Aspirin, a common pain reliever for fever and aches, is generally not recommended for pregnant women. Some women with pre-existing health conditions, however, may continue taking aspirin when they’re expecting.
In any case, you should contact your health care provider before taking aspirin while pregnant.
Never Miss a Beat!
Subscribe to Our HealthBeat Newsletter!
Thank you for subscribing!
You are already subscribed.
Sorry, an error occurred. Please try again later.
Get Healthy Tips Sent to Your Phone!
Why Pregnant Women Should Avoid Aspirin
Aspirin is a natural blood thinner that can interfere with your child’s healthy development. However, if you are already taking aspirin for a medical condition, do not discontinue taking it until you speak with your doctor.
Taking aspirin mainly during the first trimester and last trimester may cause the following:
- An increased risk of miscarriage
- A possible placental disruption
- Delayed labor
- Increased risk of heart and lung problems
Exceptions to the Aspirin Rule for Expecting Women
Your health care provider may decide that you need to take a low dosage of aspirin (such as baby aspirin) if you fall into one of these categories:
- High risk of preeclampsia
- Chronic high blood pressure
- Over 35 years of age
- Kidney disease
- Issues with blood clots, such as Hughes Syndrome
In these cases the physician will determine the risks, and decide what the best case scenario is for you and your baby.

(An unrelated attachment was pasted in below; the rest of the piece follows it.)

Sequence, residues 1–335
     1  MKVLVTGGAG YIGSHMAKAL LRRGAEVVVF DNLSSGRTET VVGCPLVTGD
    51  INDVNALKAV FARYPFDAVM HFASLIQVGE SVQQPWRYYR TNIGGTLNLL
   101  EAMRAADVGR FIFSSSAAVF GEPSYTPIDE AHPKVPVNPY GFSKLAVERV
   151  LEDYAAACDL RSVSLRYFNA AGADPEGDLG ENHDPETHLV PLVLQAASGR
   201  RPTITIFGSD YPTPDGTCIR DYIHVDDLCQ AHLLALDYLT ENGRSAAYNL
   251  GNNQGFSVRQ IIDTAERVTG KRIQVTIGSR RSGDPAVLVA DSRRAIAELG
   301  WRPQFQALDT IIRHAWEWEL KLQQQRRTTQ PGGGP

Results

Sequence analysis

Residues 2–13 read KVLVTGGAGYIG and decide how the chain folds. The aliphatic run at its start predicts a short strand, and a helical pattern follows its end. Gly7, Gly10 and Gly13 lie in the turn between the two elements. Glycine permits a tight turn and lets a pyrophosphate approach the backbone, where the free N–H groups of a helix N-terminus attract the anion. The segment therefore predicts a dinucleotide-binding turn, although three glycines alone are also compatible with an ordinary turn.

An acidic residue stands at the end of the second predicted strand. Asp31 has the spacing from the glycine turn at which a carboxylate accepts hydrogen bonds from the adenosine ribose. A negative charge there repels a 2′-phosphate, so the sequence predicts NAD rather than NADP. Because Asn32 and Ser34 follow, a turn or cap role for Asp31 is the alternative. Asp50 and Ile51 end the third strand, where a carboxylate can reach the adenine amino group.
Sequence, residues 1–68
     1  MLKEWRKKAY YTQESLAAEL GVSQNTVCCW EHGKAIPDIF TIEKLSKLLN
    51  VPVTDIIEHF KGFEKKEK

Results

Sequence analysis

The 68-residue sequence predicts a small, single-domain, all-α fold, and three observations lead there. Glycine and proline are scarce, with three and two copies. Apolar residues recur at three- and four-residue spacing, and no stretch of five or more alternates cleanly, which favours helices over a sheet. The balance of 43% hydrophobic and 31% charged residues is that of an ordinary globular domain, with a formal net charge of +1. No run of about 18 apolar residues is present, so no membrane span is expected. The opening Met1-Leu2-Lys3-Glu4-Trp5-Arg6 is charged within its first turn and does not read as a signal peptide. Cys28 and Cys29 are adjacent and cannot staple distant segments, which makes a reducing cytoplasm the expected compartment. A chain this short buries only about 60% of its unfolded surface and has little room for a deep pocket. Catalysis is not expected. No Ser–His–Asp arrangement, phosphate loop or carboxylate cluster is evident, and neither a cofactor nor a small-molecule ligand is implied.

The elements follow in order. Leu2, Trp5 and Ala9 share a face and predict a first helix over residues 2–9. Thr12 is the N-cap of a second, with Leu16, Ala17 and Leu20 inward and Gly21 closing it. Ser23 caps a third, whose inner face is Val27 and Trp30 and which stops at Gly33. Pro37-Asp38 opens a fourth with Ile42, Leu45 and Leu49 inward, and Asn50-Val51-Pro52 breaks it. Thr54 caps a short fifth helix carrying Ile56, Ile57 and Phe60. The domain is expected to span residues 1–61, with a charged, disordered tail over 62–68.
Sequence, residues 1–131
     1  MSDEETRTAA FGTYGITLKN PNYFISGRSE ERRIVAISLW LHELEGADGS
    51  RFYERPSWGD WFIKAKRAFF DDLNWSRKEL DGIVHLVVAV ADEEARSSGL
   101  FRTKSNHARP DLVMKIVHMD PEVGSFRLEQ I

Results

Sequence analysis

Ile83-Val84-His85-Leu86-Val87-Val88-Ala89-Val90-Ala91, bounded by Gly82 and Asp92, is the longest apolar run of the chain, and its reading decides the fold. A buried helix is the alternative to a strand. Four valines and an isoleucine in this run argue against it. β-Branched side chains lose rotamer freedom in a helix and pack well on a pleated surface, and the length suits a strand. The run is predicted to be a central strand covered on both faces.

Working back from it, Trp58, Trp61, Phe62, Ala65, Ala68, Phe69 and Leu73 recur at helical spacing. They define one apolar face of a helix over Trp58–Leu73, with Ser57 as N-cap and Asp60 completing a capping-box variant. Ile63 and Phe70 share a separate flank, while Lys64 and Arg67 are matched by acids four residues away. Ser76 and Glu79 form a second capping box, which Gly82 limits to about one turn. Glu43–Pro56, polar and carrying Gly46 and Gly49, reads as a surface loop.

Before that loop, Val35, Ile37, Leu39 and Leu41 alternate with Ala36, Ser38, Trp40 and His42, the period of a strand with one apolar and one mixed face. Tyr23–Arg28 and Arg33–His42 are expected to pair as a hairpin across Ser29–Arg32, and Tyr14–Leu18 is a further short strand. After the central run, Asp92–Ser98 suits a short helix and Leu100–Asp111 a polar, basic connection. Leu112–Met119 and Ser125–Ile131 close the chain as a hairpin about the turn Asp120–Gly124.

Are there aspirin alternatives?
You can take acetaminophen as an alternative unless you have an allergy to it. Check the labels, talk to the pharmacist, and/or your provider before taking over-the-counter drugs. Some medications will have trace amounts of aspirin, ibuprofen, or non-steroidal anti-inflammatory drugs (NSAIDs), which are also off-limits for expecting women.
Talk to your health care provider
Pregnant women should always discuss their medications and medical history with their doctor. Avoid aspirin or ibuprofen if you have not yet consulted with your doctor. As a general rule, expecting women should avoid any over-the-counter drugs unless they’ve received their doctor’s approval.
About UPMC Magee-Womens
Built upon our flagship, UPMC Magee-Womens Hospital in Pittsburgh, and its century-plus history of providing high-quality medical care for people at all stages of life, UPMC Magee-Womens is nationally renowned for its outstanding care for women and their families.
Our Magee-Womens network – from women’s imaging centers and specialty care to outpatient and hospital-based services – provides care throughout Pennsylvania, so the help you need is always close to home. More than 25,000 babies are born at our network hospitals each year, with 10,000 of those babies born at UPMC Magee in Pittsburgh, home to one of the largest NICUs in the country. The Department of Health and Human Services recognizes Magee in Pittsburgh as a National Center of Excellence in Women’s Health; U.S. News & World Report ranks Magee nationally in gynecology. The Magee-Womens Research Institute was the first and is the largest research institute in the U.S. devoted exclusively to women’s health and reproductive biology, with locations in Pittsburgh and Erie.